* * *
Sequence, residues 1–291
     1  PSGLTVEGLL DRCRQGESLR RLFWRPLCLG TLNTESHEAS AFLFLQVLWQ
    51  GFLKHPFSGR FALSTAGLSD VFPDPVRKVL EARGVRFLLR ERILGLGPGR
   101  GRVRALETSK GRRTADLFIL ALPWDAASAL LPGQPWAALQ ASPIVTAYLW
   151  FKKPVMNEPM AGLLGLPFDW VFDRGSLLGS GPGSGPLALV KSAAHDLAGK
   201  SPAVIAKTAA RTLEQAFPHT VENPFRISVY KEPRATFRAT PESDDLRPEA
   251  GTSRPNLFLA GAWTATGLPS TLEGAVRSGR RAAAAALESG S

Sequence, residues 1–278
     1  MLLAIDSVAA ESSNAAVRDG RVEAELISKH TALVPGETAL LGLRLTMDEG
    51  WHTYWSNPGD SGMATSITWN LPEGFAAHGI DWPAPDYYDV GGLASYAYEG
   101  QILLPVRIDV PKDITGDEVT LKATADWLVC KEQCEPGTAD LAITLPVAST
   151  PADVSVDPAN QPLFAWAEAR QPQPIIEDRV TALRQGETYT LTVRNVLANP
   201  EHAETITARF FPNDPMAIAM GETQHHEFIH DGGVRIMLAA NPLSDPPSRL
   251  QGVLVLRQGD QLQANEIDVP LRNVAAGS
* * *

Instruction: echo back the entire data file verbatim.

Sequence, residues 1–291
     1  PSGLTVEGLL DRCRQGESLR RLFWRPLCLG TLNTESHEAS AFLFLQVLWQ
    51  GFLKHPFSGR FALSTAGLSD VFPDPVRKVL EARGVRFLLR ERILGLGPGR
   101  GRVRALETSK GRRTADLFIL ALPWDAASAL LPGQPWAALQ ASPIVTAYLW
   151  FKKPVMNEPM AGLLGLPFDW VFDRGSLLGS GPGSGPLALV KSAAHDLAGK
   201  SPAVIAKTAA RTLEQAFPHT VENPFRISVY KEPRATFRAT PESDDLRPEA
   251  GTSRPNLFLA GAWTATGLPS TLEGAVRSGR RAAAAALESG S

Sequence, residues 1–278
     1  MLLAIDSVAA ESSNAAVRDG RVEAELISKH TALVPGETAL LGLRLTMDEG
    51  WHTYWSNPGD SGMATSITWN LPEGFAAHGI DWPAPDYYDV GGLASYAYEG
   101  QILLPVRIDV PKDITGDEVT LKATADWLVC KEQCEPGTAD LAITLPVAST
   151  PADVSVDPAN QPLFAWAEAR QPQPIIEDRV TALRQGETYT LTVRNVLANP
   201  EHAETITARF FPNDPMAIAM GETQHHEFIH DGGVRIMLAA NPLSDPPSRL
   251  QGVLVLRQGD QLQANEIDVP LRNVAAGS